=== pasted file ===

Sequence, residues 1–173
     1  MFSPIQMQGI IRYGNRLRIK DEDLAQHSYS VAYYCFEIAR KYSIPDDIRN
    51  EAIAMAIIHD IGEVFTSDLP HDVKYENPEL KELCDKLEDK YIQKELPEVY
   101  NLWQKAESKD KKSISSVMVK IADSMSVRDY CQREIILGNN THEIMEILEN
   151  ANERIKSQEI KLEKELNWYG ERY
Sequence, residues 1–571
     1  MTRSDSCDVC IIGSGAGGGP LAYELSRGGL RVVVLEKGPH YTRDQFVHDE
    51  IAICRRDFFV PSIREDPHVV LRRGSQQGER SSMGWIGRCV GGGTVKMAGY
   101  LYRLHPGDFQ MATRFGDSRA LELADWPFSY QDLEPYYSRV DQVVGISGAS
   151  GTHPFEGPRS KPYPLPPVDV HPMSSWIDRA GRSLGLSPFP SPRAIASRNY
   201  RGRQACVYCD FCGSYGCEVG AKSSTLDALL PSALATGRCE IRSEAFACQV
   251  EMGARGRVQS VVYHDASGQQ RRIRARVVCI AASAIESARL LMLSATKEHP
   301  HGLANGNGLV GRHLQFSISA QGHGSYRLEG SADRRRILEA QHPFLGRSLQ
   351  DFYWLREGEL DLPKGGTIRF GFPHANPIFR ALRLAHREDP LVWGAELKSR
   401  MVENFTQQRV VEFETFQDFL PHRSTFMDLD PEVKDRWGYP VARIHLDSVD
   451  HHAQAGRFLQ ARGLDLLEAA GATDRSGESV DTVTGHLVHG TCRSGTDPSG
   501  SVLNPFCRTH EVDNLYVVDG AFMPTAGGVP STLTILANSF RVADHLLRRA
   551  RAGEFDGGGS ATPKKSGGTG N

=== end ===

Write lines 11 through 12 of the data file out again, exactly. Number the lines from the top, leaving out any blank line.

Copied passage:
   201  RGRQACVYCD FCGSYGCEVG AKSSTLDALL PSALATGRCE IRSEAFACQV
   251  EMGARGRVQS VVYHDASGQQ RRIRARVVCI AASAIESARL LMLSATKEHP